Fanciful Gatehouse to Oak Terrace, Eleanor Roosevelt’s Childhood Home, Yours for $960K

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    In 1949, a group of picnickers looking for a fine Hudson River view and a bit of nostalgia stopped by a gatehouse to ask if the driveway heading to the ramshackle old mansion beyond was passable. Leading the way was Eleanor Roosevelt, taking a group of her Hyde Park neighbors and her grandchildren to the estate where she spent much of her childhood with her grandmother.

    She recounted the tale of the picnic in her nationally syndicated newspaper column “My Day” in July of that year, and the gatehouse at which she stopped is now on the market.

    germantown

    The estate of V. G. Hall in 1873. Base map ny D.G. Beers & Co. via New York Public Library

    Located in Germantown, N.Y., at 794 Woods Road, the early 1870s brick structure marked the entrance to Oak Terrace (aka Oak Lawn), one of the many sprawling estates that dotted the landscape in the 19th century. The property was the home of Valentine G. Hall, Jr. and Mary Livingston Ludlow Hall, maternal grandparents of Eleanor. After the death of both of her parents by the time she was nine, Eleanor lived with her grandparents, spending summers at their country estate.

    Oak Terrace left family hands in the 1930s and parcels were sold off, including the land on which the old gatehouse stood. The gatehouse was altered in 1938, according to a National Register survey, and a more recent renovation and expansion has perhaps made it a bit more grand than when it served as a humble gatehouse, but it certainly has more than a bit of fanciful charm.

    The original two-story brick structure would have been a picturesque complement to the Second Empire style mansion it guarded. That mansion still stands and was highlighted on Brownstoner when it was on the market back in 2012. The more modest gatehouse has peaked gables, bays, dormers and a bit of iron cresting on the roofline. The modern one-story additions are at the rear of the house and sympathetic to the original design.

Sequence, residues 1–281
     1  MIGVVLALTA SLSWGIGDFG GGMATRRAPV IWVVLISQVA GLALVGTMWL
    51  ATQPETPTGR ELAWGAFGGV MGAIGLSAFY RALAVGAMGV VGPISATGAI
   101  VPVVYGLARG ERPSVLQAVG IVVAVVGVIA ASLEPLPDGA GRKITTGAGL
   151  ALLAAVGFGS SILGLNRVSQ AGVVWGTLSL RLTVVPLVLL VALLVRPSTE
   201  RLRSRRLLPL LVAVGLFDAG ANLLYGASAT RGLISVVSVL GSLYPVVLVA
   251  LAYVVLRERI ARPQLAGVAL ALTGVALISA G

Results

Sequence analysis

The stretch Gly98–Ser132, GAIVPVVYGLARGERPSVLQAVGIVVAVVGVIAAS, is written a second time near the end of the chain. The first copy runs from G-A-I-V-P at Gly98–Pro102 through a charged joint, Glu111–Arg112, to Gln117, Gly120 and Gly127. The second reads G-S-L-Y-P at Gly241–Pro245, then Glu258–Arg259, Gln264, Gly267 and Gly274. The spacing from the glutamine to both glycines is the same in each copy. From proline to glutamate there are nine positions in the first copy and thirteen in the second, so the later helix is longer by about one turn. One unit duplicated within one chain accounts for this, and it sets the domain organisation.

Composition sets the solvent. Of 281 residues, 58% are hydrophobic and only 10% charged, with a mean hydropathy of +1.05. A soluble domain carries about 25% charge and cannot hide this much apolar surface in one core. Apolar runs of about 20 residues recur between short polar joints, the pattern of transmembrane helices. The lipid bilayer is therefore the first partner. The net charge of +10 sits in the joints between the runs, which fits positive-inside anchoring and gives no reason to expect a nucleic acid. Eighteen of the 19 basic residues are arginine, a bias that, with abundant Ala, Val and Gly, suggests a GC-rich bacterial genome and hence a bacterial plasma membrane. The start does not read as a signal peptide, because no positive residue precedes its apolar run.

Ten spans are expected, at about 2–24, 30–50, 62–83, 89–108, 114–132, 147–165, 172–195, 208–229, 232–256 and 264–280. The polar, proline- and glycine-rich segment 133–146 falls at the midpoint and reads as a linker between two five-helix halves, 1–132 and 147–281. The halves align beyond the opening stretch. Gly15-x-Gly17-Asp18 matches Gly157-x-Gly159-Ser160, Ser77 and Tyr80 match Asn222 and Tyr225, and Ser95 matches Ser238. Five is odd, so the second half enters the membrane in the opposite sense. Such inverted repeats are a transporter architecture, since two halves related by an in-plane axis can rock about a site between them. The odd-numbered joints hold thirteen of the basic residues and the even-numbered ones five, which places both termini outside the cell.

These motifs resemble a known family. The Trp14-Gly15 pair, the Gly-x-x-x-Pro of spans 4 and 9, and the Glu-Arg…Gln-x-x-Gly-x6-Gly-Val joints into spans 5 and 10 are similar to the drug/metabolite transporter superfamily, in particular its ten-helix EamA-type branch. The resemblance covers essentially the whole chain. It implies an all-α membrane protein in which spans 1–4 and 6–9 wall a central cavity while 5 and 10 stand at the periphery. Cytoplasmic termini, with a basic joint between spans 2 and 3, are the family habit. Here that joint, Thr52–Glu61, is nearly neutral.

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    On the interior some likely original details can be spotted such as moldings, wood floors and the original stair, combined with more recent renovation touches of exposed brick and ironwork. A large part of the addition, and a focus of the listing photos, seems to be a large skylit kitchen. There are the expected high-end appliances, along with a more unusual bake oven, an elaborately carved wood island and stained glass windows.

    The house has three bedrooms and 1. 5 baths. Only one bedrooms is shown, but it appears to be tucked into the dormers of the original structure. The full bath has been decked out with 19th century style fittings, including a high tank toilet, clawfoot tub and marble sink.

    According to the listing, the renovation included new electrical, plumbing and HVAC. There’s a fenced-in Gunite pool adjacent to the house and there’s mention of a fountain on the roughly 2.77 acres of property.

    The property is listed for $960,000 by Norm Fasquel Mackay with Houlihan Lawrence.

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